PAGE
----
Just look at Jesus. He not only defies gravity by walking on water. He can warp time and space. The disciples were terrified. "Who is this?" they wanted to know. "It is I," Jesus said. "Have no fear." Except when Jesus said, "It is I," what he really said, being translated literally, was "I am." And what else is "I am" but the very name of God, who appeared in the midst of a burning bush to Moses, who, when he asked him his name, said, "I am; I am who I am." That would be Jesus, revealing himself as the great "I Am." No wonder the disciples were terrified. And no wonder Jesus had to tell them not to be afraid. And no wonder, when the disciples took him into the boat with them in the midst of the stormy sea, immediately they found themselves at the safe harbor they were bound for.
God with Us in the Boat
This is the Gospel - the great good news of Jesus Christ our Lord - this is it in a nutshell. God's with us in the boat - even and especially in the midst of the stormy seas of life. He's in the same boat we're in. So be not afraid.
Mind you, he may not calm the storm. He didn't in this story. Instead he came through the storm, joined his beloved disciples in the midst of it, and in the end he became their rescue from it.
And what storms are raging in your life?
A lot of people aspire to be not much more than fair weather friends of God. You know, they're good with God as long as God is good to them the way they want God to be good to them, as long as it's smooth sailing. But let a little storm cloud rear its ugly head, and they're off on their own. Which, it seems to me, is the last place you want to be in a storm. But that's what they do.
But God wants better than that. God deserves better than that. So God sometimes doesn't calm the storm. He may even stir it up.
He's been known to do that, you know, to accomplish his purposes. In the days of Noah, he stirred up a whopper of a storm to cleanse the earth of the pollution of sin. In the case of Jonah, God stirred up a storm to get that reluctant prophet to go where he was supposed to go, but wouldn't. And in your case, God may very well stir up a storm or two or three - if for no other reason than to stir up greater faith in you and make you more than his fair weather friend. But you can count on it, should he stir up a storm in your life, he's coming to you through it, walking in the wind and the waves. And what you need to do in the midst of the tempest is stay in the boat. Because that's how he gets you to the safe harbor you are bound for.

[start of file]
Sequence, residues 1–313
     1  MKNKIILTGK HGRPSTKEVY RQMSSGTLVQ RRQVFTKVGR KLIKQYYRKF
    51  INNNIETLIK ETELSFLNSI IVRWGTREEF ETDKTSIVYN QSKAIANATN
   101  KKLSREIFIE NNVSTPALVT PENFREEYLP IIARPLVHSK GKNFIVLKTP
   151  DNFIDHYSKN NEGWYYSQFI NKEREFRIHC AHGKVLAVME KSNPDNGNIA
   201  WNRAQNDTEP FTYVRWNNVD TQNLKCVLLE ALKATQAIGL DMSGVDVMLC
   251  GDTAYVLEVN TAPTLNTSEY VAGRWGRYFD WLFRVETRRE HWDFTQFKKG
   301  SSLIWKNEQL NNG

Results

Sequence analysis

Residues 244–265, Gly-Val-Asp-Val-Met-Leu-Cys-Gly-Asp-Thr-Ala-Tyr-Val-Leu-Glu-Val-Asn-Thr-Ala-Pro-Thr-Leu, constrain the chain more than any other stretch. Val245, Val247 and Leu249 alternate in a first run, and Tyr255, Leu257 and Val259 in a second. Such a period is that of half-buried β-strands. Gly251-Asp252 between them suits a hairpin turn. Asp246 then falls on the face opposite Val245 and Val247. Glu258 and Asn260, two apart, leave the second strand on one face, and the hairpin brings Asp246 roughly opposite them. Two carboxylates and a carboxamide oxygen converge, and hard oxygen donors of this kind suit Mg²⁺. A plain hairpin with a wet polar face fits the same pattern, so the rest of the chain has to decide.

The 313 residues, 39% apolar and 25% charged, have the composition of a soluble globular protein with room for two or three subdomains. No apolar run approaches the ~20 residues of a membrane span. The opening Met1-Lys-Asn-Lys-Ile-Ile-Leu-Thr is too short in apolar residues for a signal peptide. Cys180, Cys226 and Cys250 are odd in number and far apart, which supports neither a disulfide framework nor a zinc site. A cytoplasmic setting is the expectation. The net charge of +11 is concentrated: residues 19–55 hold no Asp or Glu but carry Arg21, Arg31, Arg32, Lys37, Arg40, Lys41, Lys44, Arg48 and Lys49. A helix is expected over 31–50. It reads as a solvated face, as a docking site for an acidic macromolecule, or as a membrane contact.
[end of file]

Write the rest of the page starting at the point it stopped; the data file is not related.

There's another story like this one - the disciples in a boat on a storm sea, Jesus walking on the water. Except in this story, Peter wants to walk on the water too. So he steps out of the boat. Now some people give Peter all kinds of credit for the strong faith he must have had to do such a thing. I think it's another one of Peter's pratfalls. Because it quickly turns into one of those how long can you tread water? moments. Answer: not long enough. For what happens is, when Peter steps out of the boat, he hears the wind howling and sees the waves churning and begins to sink. Jesus has to grab him and get him back on board the boat where he belonged in the first place. That's why I say we should stay in the boat. Walking on water's not for us. And if we try it, it's a step too far.
Now the boat is a time-honored metaphor for the church. Jesus puts us in the boat, the church, so we're not alone when the storms churn up. And where, even if he doesn't calm the storm, we're where we need to be, which is where he is. He comes to us in the boat to get us to the safe harbor we're headed for - thanks to him and him alone - which is the kingdom of God and heaven itself.
So be not one of God's fair weather friends. He is, after all, the one who, through the prophet Isaiah, said:
"I form light and create darkness,
I make weal and create woe.
I am the Lord, who do all these things."
But he does not do so willy-nilly, but to accomplish his good and gracious will, which is with us and for us - Jesus, the great I Am, our Lord, who, having weathered the storm of the cross, is now risen from the dead, and so is with us in the boat, which is his church. Which is why we can with confidence sing, as we will in a moment, that, even if "sin and hell in conflict fell with their bitter storms assail me, Jesus will not fail me" [from the hymn, "Jesus, Priceless Treasure."].
In the name of Jesus. Amen.